CARLSON:  When you‘re investigating a homicide, for instance, do you ever think about the show?  I mean, do you think the standard is going to be higher for me because I‘m going to be facing a panel of people on the jury that, you know, watch “CSI” and “Law & Order?” 

PEAVY:  I talk to my detectives every day, and I would say a week doesn‘t go by that I don‘t get a complaint from one of my—I have over 100 homicide detectives that work for me—where they don‘t come to me and say that they recently or they are currently in trial, and the jury or the defense attorney is questioning them about evidence that was impossible to obtain.  Things like, like on television, you‘ll often see them say, well, the time of death, based on the body, you know, was between 9:00 and 9:30. 

Well, you know, the reality is, a coroner investigator will get out to a scene and look at the body and say, yes, the closest I can tell you is he was killed within the last 12 hours, maybe 20 hours.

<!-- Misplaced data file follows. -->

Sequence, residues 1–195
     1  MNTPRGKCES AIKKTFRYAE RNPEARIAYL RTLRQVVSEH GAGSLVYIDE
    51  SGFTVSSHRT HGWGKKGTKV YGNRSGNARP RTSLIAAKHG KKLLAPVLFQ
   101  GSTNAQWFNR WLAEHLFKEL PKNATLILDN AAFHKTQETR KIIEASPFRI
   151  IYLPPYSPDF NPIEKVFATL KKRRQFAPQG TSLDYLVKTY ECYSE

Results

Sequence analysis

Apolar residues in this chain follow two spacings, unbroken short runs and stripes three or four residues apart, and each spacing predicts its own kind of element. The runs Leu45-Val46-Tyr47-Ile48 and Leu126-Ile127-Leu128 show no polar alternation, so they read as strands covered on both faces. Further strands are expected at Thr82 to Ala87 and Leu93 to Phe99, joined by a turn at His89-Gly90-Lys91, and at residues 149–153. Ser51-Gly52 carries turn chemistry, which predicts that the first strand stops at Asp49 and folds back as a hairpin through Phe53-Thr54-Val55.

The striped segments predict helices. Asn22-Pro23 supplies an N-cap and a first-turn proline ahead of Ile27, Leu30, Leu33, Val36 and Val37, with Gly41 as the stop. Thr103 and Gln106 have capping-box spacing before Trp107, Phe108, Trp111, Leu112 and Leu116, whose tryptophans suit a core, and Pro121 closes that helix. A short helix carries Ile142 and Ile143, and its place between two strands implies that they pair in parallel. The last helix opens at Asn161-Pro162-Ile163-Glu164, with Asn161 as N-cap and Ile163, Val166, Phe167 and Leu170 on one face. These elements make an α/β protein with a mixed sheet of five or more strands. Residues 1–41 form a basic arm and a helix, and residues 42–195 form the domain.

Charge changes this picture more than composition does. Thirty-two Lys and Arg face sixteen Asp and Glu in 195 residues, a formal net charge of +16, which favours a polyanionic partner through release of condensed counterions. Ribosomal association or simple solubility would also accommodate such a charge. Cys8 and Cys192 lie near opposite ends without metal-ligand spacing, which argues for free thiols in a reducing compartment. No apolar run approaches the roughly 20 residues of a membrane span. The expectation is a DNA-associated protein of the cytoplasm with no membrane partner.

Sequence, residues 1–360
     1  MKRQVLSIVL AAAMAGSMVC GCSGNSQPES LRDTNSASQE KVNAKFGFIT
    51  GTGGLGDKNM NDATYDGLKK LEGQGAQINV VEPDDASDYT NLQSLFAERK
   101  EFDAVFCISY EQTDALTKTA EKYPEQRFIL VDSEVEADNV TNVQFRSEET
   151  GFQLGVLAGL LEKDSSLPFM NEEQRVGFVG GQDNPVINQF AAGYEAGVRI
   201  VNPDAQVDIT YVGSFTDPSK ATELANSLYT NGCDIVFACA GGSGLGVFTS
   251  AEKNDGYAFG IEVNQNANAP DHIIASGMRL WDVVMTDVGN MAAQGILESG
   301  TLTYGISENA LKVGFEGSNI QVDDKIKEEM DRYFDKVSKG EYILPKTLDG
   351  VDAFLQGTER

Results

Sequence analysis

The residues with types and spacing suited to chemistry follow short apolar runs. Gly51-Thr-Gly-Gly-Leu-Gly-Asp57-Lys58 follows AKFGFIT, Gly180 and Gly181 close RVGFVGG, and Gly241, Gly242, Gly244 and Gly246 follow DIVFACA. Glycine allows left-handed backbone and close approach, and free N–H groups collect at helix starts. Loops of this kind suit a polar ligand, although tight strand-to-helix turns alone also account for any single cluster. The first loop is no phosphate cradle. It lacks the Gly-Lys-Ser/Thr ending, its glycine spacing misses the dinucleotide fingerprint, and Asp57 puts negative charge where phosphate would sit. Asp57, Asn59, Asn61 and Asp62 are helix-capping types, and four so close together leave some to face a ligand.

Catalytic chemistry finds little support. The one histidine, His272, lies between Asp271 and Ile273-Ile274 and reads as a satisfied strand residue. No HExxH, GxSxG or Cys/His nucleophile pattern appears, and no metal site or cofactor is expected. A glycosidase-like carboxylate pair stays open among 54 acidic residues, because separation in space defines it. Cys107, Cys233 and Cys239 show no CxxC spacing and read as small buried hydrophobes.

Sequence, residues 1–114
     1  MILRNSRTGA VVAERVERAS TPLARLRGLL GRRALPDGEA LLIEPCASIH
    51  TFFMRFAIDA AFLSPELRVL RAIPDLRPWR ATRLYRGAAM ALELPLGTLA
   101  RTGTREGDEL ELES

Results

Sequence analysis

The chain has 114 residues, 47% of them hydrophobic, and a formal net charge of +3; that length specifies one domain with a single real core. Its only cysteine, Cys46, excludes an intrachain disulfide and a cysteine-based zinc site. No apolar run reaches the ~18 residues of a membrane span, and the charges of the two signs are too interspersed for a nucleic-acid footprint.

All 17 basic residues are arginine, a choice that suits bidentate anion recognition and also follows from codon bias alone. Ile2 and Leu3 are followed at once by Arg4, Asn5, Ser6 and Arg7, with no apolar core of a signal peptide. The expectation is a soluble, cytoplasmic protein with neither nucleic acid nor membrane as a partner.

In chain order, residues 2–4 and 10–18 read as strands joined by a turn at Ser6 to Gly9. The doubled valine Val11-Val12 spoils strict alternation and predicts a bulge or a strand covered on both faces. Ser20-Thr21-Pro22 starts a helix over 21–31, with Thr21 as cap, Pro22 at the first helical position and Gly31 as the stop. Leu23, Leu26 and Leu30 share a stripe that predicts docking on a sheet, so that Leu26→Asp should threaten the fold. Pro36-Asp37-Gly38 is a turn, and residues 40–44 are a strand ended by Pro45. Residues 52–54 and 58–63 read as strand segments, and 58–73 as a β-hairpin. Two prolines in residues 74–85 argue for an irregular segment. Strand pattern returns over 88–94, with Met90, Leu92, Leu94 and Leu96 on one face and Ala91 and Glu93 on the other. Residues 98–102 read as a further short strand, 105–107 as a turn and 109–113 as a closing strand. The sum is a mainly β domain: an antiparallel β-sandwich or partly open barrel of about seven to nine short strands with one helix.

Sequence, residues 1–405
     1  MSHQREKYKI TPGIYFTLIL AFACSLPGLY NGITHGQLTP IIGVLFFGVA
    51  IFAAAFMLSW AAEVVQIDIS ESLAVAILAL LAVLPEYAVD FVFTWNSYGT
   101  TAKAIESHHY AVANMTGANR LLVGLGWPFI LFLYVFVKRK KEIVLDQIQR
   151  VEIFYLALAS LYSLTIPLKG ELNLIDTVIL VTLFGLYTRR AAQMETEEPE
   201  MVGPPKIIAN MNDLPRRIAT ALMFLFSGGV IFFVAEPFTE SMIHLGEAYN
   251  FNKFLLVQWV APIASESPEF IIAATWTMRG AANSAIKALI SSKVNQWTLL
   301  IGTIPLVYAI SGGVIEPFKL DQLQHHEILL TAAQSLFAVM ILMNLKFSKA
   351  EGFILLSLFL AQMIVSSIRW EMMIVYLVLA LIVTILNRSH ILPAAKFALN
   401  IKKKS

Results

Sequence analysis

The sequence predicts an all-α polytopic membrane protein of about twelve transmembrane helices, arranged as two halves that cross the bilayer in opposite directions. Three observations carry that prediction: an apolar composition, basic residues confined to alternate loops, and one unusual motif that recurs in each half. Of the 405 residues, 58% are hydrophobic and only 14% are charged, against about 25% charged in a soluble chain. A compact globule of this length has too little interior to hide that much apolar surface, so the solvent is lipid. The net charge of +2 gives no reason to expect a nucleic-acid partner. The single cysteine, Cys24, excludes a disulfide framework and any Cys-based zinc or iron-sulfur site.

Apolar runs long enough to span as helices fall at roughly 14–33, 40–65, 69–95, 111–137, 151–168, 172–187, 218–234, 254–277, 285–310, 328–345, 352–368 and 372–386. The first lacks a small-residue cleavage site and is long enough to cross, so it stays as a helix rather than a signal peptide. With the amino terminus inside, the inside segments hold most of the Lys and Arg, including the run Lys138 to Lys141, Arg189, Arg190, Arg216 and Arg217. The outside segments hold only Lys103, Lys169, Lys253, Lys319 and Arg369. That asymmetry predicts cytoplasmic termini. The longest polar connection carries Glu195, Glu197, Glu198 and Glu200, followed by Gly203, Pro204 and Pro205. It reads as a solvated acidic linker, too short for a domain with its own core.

And when you can‘t answer questions like that to a defense attorney, he turns to the jury and says, well, what‘s wrong with these cops?  If they can‘t do it—you know, and the jury looks at the cop and says, well, yes, you know, these are—this is L.A.‘s cops and they can‘t do what the guys do on television. 

CARLSON:  L.A.‘s cops can‘t do what L.A.‘s actors can do, in other words, yes.

PEAVY:  Right.  And we...

CARLSON:  Television is more impressive than life in that way. 

PEAVY:  Well, if we had better writers, we would probably do a little better. 

CARLSON:  I hope you get them.  Captain Ray Peavy of the Homicide Department of the L.A. County Sheriff‘s Department, thanks for joining us. 

PEAVY:  Thank you. 

CARLSON:  Stay tuned.  There‘s still plenty more ahead tonight on THE

SITUATION.

(BEGIN VIDEOTAPE)

CARLSON (voice-over):  Looking for Mr. Right.  Wait until you hear about this woman‘s unusual, year-long search for true romance and how it finally came to an end. 

BILL CLINTON, PRESIDENT OF THE UNITED STATES:  I did not have sexual relations with that woman. 

CARLSON:  And Maryland cops busted by their own massage parlor sting. 

Rest assured, it‘s a tale with a happy ending. 

Plus, attention female shoppers, eligible bachelors, aisle nine. 

We‘ll show you where to get a great bargain on a slightly used man.

And the sweet thrill of victory.  What does it really take to wear Chicago‘s Choice Chocolate Chowing Crown? 

JOHNNY DEPP, ACTOR:  It is quite a special occasion, of course.

CARLSON:  It‘s all ahead on THE SITUATION.